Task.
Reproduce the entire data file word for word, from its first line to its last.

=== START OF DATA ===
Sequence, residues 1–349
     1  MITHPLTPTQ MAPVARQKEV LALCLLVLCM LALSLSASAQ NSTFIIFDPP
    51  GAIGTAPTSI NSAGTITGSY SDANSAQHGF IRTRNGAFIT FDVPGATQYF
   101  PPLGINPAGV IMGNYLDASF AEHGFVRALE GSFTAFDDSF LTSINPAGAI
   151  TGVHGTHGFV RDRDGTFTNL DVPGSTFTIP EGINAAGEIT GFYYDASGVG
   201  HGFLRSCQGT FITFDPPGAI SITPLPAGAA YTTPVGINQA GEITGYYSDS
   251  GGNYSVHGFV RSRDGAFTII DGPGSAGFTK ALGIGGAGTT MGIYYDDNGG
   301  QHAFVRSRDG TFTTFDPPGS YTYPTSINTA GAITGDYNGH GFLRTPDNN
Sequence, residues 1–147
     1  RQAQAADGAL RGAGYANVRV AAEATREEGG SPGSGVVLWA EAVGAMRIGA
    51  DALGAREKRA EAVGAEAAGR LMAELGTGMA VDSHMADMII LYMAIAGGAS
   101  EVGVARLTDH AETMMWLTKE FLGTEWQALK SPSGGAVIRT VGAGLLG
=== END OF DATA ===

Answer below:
Sequence, residues 1–349
     1  MITHPLTPTQ MAPVARQKEV LALCLLVLCM LALSLSASAQ NSTFIIFDPP
    51  GAIGTAPTSI NSAGTITGSY SDANSAQHGF IRTRNGAFIT FDVPGATQYF
   101  PPLGINPAGV IMGNYLDASF AEHGFVRALE GSFTAFDDSF LTSINPAGAI
   151  TGVHGTHGFV RDRDGTFTNL DVPGSTFTIP EGINAAGEIT GFYYDASGVG
   201  HGFLRSCQGT FITFDPPGAI SITPLPAGAA YTTPVGINQA GEITGYYSDS
   251  GGNYSVHGFV RSRDGAFTII DGPGSAGFTK ALGIGGAGTT MGIYYDDNGG
   301  QHAFVRSRDG TFTTFDPPGS YTYPTSINTA GAITGDYNGH GFLRTPDNN
Sequence, residues 1–147
     1  RQAQAADGAL RGAGYANVRV AAEATREEGG SPGSGVVLWA EAVGAMRIGA
    51  DALGAREKRA EAVGAEAAGR LMAELGTGMA VDSHMADMII LYMAIAGGAS
   101  EVGVARLTDH AETMMWLTKE FLGTEWQALK SPSGGAVIRT VGAGLLG